The sagas record four (1) separate voyages to North America. The first of these was in the fall of 985 *, when Bjarni Herjolfson was blown off course while attempting to travel to the Greenland colony. Although he and his crew sailed up the east coast for several days, they did not make a landfall, and returned to Greenland.
The second voyage was a planned exploration of this unknown land, and was made by Leif Eirikson some time about 995 *. Leif and his crew of 35 sailed west from Greenland and worked their way south. They made several landfalls, naming the various areas they found according to the character of the country. These were Helluland ('Flat Rock Land') and Markland ('Land of Forests'), thought to be upper and lower Labrador, and finally Vinland. Speculation based on the geographical descriptions in the sagas suggests his final destination was SE Newfoundland, but this has not been confirmed by archeology.(2) Wherever the actual site was, we are told the Norsemen "built some large houses" and spent the winter there, half the crew laying in a cargo of timber and the other half exploring. It was during these investigations that the wild 'grapes' that gave the country its name were discovered. (There has been considerable debate between historians and linguists as to whether the term 'Vinland' refers to vines, 'wine berries', or grass lands. Perhaps it was only another exaggeration, like Leif's 'Greenland', for real estate purposes.)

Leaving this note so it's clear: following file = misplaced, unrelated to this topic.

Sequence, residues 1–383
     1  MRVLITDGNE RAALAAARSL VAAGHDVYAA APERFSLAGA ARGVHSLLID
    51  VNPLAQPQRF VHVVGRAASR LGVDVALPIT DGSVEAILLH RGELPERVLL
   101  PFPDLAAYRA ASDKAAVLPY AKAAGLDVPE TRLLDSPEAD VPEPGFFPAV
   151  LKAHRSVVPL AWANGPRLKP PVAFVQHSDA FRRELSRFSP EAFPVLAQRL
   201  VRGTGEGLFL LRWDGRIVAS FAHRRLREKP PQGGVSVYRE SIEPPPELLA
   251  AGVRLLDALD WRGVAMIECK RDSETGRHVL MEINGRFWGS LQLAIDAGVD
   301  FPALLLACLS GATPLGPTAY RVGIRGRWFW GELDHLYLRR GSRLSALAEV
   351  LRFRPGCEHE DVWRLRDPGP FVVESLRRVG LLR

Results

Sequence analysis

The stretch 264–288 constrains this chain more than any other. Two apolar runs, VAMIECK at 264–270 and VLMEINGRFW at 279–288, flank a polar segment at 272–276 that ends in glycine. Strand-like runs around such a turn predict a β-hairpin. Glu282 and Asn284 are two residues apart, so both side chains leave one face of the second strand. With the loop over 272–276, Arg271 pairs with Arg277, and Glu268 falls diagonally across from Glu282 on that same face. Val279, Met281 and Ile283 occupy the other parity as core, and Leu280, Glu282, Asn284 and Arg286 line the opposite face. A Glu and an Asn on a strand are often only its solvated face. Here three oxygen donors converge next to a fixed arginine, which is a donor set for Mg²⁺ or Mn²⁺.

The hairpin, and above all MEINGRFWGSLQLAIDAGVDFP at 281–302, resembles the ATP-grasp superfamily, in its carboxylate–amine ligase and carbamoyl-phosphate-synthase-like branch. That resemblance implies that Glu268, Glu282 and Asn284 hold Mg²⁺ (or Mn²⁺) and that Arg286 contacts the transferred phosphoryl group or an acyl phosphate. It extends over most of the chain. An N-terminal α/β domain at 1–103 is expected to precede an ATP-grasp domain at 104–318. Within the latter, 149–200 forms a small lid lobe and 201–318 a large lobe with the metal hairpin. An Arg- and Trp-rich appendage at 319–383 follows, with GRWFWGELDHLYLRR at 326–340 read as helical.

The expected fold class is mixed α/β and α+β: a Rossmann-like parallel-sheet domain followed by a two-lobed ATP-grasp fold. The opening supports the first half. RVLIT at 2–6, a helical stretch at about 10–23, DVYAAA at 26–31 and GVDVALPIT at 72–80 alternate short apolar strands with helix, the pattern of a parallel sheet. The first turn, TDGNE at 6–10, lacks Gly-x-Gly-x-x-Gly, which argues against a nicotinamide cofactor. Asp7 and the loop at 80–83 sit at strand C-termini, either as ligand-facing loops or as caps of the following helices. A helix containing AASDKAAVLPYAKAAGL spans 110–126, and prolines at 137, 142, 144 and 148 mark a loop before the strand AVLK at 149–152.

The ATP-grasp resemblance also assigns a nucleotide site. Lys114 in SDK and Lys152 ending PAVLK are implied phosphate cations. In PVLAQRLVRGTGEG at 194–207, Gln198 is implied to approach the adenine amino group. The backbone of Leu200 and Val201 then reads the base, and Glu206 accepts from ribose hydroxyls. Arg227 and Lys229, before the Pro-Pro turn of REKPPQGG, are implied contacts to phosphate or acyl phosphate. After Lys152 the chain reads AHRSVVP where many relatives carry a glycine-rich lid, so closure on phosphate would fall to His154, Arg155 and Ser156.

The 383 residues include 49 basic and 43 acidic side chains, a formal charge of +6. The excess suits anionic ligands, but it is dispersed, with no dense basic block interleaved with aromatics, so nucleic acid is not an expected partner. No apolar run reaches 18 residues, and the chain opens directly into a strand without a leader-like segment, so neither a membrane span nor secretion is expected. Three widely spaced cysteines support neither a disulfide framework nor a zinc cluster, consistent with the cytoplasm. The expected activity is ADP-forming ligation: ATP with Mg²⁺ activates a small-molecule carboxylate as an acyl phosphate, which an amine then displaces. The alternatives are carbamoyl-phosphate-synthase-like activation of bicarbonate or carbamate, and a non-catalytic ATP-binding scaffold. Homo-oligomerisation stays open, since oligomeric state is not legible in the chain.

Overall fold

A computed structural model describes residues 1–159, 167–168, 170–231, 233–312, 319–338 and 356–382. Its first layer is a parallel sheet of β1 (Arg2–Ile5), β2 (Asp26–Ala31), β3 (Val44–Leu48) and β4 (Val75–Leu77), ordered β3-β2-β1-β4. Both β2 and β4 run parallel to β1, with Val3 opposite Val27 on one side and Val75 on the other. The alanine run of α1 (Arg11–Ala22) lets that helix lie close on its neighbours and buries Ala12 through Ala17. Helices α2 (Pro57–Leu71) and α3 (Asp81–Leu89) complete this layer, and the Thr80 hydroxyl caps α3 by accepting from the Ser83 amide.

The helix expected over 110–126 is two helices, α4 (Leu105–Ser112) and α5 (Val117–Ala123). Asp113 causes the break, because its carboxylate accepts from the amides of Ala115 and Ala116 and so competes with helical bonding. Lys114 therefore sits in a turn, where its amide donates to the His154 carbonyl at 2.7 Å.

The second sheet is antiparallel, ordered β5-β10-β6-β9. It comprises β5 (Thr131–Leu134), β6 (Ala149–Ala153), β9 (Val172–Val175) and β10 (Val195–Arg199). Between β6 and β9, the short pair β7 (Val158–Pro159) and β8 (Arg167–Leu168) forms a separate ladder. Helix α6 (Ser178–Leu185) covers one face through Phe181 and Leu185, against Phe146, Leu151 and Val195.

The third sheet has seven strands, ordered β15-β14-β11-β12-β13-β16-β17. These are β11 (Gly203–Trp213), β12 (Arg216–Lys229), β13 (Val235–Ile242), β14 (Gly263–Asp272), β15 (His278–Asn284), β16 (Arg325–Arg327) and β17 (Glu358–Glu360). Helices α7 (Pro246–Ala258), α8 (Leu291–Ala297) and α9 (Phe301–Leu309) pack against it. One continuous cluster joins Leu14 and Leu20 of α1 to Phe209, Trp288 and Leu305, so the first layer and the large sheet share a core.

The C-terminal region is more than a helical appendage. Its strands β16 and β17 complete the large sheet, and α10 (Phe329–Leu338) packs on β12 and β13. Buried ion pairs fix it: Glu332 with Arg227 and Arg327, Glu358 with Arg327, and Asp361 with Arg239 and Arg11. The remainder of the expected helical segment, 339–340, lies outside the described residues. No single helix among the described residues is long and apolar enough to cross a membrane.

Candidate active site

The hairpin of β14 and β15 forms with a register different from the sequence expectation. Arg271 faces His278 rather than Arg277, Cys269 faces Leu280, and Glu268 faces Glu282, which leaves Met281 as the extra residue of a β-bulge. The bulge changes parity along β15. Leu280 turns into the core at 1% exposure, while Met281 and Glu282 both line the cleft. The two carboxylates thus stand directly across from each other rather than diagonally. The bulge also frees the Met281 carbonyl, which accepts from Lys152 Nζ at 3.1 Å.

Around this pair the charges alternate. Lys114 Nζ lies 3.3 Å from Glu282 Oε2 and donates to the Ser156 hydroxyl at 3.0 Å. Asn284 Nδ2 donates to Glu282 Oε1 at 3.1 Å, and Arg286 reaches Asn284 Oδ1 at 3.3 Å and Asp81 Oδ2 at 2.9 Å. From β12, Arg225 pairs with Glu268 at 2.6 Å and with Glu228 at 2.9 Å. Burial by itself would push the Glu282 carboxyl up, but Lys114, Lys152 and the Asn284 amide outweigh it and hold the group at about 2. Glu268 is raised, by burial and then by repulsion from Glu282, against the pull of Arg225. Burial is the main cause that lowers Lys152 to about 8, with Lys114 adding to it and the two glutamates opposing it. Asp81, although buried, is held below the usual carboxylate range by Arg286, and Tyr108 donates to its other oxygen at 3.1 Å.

The next voyage, again one of exploration, was lead by Leif's brother Thorvald a few years later (998*). He took 30 men with him, and they remained at the same camp for two winters. This voyage was notable in that it marks the first confrontation between native Indian tribes, referred to as Skraelings, and the Norse. It was to set the tone for further interactions between the two groups. The Vikings slaughtered the first group of Indians they found. In the second encounter they were able to battle against superior numbers with only one casualty. Ironically this first death was that of Thorvald himself.